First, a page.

A brightly colored photograph of the entrance to the Acrophobia, a roller coaster at Six Flags Over Georgia

Source: Acrophobia logo roto drop at Six Flags Over Georgia, USA,
Jeremy Gunther Heinz Jahnick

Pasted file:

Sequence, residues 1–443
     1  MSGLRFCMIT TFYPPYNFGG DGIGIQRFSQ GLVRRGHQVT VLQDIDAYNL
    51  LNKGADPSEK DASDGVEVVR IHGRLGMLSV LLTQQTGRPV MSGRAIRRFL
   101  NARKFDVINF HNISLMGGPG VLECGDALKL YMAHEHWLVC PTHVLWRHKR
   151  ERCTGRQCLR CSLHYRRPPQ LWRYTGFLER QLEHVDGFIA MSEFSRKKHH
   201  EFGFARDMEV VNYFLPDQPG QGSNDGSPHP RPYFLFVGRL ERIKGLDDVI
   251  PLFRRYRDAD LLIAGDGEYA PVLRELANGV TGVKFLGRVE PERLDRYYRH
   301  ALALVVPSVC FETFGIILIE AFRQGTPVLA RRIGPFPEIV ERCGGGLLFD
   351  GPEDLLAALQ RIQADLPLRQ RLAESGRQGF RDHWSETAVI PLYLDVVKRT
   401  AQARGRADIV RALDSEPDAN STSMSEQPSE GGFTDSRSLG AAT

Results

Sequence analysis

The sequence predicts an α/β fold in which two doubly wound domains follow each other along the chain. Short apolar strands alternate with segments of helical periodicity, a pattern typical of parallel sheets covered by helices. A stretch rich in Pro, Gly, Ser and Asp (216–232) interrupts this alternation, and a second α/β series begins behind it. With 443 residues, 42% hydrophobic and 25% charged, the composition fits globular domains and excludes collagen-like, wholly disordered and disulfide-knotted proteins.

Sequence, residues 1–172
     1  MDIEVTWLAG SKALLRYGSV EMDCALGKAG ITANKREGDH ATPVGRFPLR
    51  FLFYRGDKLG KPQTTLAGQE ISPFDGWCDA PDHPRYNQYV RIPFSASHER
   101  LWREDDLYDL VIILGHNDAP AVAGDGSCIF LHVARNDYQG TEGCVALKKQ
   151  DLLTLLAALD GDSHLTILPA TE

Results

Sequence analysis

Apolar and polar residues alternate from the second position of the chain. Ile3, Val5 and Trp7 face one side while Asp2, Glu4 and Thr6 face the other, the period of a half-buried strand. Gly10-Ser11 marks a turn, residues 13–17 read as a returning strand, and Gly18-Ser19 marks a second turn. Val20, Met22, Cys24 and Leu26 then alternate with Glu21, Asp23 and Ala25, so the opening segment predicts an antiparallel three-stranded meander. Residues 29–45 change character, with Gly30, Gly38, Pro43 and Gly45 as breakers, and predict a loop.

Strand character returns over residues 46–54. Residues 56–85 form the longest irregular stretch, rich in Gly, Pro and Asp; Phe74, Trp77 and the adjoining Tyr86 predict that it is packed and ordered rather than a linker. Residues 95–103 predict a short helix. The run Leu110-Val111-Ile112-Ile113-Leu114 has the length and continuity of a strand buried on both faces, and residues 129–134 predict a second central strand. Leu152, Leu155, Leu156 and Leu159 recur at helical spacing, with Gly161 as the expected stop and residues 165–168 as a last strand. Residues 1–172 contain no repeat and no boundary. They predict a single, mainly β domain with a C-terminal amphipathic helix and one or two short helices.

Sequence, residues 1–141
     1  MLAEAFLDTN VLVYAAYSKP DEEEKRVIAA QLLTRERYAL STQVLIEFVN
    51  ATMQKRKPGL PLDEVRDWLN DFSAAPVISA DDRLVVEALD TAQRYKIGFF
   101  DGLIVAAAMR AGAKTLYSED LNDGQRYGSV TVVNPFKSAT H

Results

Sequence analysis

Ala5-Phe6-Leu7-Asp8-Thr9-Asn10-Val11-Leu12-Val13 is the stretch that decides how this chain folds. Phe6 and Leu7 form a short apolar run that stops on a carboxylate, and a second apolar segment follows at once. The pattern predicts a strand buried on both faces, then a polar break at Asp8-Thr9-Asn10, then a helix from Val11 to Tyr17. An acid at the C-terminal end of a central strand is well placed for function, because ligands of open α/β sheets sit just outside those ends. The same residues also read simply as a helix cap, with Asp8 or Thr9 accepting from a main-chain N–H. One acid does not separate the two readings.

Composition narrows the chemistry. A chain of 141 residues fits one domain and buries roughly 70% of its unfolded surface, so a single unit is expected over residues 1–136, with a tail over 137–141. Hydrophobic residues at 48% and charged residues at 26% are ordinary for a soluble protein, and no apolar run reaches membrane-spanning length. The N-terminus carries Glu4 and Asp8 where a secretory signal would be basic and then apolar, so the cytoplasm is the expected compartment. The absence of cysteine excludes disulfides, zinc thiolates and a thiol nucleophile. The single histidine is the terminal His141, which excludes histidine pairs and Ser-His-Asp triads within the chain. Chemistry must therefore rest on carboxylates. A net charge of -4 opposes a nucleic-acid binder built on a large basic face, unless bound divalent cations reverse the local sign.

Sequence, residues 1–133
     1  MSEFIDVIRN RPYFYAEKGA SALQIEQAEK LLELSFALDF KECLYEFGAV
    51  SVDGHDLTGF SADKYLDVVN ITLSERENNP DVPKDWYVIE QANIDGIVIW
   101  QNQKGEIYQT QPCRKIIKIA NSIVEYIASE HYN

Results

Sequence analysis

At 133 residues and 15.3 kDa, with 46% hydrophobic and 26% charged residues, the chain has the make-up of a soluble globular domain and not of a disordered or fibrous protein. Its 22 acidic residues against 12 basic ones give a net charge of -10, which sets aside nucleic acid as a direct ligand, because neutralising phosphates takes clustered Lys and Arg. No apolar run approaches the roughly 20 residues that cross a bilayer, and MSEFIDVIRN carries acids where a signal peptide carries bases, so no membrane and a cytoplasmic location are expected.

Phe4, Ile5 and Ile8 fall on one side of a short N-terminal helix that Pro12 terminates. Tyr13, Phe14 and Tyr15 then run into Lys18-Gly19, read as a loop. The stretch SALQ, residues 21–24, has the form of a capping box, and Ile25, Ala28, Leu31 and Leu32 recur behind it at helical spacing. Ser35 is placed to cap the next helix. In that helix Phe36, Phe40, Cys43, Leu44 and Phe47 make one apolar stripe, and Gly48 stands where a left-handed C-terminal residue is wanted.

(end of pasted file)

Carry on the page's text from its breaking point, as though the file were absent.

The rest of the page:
The recognizable parts—like “scope”—make long words seem less threatening. Since you may need more convincing, explore some of the possibilities of this next intriguing word part. The combining formphobe” is used after prefixes to tell us that someone is afraid of something. Someone who has an abnormal fear of germs, for example, is a germophobe, and someone who is afraid of flying is an aerophobe. Someone who won’t vacation at the beach is an aquaphobe, a person who is afraid of the water.